What does "self-driving" mean, exactly? Well, it depends!
SAE International, formerly known as the Society of Automotive Engineers, created guidelines for assessing automated driving features, ranging from Level 0 (no driving automation) to Level 5 (full automation).
The SAE guidelines have their critics. The terminology can be vague and confusing. The technological leap from Level 2 upward is not as linear as the guidelines suggest. Some car manufacturers have found Level 2 to be too broad and have begun referring to their cutting-edge systems as "Level 2-plus."
But nonetheless, the SAE guidelines are the broadly accepted rubric for discussing the road to full self-driving.
Here's a breakdown of SAE Levels 0-5.
Level 0 (No driving automation)
Level 0 is straightforward. The human performs all driving tasks. The car does not take over any aspect of driving. Driver assistance features like blind-sport warnings or lane departure warnings would qualify as Level 0.
Availability: On virtually every vehicle
Level 1 (Driver Assistance)
Level 1 driver assistants have the car control one aspect of the driving — either the steering or the speed. Cruise control and lane centering are prominent examples.
Availability: Most new cars
Level 2 (Partial Driving Automation)
Level 2 systems like Tesla’s Autopilot or GM’s Super Cruise control both the steering and speed and operate mostly on mapped highways. They may be hands-free and incorporate features like automatic lane changes but Level 2 systems still require complete driver attention at all times.
Availability: Some new high-end cars
Level 3 (Conditional Driving Automation)
Level 3 is the first level the SAE considers automated driving. The driver is not driving the vehicle while the system is engaged under certain conditions. The driver must still be ready to take over if the system disengages. Mercedes’s Drive Pilot is the first Level 3 system to be approved for road use in Nevada. It’s a traffic jam assist where the vehicle can drive itself! On congested highways. Below 37 mph.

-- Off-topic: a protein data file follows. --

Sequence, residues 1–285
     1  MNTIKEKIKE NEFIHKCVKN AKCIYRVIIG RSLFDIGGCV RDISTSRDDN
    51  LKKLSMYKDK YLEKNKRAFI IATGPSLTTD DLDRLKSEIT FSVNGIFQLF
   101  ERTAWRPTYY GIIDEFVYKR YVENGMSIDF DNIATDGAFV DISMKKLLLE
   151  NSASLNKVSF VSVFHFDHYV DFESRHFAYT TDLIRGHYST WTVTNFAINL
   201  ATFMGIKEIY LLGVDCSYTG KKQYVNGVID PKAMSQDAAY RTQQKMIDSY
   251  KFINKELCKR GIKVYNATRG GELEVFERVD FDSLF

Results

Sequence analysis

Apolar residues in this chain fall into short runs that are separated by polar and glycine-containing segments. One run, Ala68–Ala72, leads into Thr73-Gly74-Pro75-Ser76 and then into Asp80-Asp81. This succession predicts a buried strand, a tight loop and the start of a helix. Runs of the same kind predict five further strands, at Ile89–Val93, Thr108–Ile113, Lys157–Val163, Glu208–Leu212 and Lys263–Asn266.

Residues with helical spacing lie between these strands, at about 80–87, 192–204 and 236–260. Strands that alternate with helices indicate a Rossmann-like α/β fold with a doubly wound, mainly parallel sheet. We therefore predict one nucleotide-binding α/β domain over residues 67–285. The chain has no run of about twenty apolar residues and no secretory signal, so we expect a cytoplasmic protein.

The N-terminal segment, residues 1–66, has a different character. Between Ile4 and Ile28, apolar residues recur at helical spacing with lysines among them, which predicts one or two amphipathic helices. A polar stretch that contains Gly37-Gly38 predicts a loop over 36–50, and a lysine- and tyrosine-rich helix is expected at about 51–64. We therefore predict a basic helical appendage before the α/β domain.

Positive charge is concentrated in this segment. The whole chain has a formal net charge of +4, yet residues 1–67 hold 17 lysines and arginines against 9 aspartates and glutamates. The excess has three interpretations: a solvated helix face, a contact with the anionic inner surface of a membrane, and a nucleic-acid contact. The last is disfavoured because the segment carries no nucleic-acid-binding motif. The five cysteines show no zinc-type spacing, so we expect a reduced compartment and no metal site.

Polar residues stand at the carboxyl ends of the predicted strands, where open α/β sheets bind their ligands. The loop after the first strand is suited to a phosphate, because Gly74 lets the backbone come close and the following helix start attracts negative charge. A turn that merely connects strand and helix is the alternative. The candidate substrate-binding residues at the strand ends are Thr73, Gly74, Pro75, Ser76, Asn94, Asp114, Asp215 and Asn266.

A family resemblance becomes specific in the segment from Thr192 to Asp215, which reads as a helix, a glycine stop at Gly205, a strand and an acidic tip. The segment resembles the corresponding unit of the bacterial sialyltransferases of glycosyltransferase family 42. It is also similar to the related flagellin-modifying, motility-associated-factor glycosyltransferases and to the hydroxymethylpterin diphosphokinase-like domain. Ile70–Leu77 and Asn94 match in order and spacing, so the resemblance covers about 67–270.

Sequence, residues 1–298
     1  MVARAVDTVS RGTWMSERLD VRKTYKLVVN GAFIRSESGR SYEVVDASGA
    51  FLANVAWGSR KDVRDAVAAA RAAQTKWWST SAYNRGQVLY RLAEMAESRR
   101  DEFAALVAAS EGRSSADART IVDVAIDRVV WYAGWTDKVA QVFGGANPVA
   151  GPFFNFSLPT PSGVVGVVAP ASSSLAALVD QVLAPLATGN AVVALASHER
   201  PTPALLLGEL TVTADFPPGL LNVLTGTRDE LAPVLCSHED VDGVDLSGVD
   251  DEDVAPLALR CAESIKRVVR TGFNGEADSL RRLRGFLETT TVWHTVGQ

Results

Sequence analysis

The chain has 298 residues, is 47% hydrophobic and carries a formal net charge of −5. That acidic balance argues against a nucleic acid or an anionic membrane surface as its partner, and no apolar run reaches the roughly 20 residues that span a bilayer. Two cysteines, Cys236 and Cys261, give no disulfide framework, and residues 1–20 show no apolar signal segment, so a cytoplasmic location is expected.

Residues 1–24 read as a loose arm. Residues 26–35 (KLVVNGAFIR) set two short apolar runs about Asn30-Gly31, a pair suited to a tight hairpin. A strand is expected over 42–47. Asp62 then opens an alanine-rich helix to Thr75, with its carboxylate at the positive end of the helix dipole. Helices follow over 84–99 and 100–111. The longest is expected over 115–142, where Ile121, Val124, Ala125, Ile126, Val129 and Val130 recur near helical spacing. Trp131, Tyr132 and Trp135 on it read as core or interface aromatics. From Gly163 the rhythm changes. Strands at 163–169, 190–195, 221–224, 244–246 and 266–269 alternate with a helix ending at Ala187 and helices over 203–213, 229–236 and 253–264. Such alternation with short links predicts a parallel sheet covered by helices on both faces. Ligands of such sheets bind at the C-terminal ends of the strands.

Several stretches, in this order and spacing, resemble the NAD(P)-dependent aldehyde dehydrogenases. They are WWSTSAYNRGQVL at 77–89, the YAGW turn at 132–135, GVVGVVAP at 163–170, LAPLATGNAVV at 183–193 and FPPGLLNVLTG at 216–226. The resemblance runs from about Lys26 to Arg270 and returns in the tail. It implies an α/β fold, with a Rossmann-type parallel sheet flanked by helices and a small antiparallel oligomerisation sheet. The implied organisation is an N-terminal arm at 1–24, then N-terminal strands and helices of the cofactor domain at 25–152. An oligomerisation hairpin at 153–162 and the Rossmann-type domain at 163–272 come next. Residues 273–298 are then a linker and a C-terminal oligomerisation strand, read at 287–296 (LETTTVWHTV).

Availability: Only Mercedes and only in Nevada.
Level 4 (High Driving Automation)
The driver is no longer needed at Level 4 self-driving. The vehicle may have a steering wheel and pedals for human operation but is not required to. Level 4 systems operate autonomously within a specific “geofenced area.” The vehicle is programmed to disengage and come to a stop on its own if there’s a problem. Examples could include driverless buses and taxis in a city center.
Availability: Undergoing testing in certain locations
Level 5 (Full Driving Automation)
Level 5 is full-self driving. Like Level 4, no human involvement is required beyond setting a destination. But unlike Level 4, the vehicle can operate autonomously in all locations and under all conditions. This is the full self-driving dream. And as of now, it is only a dream.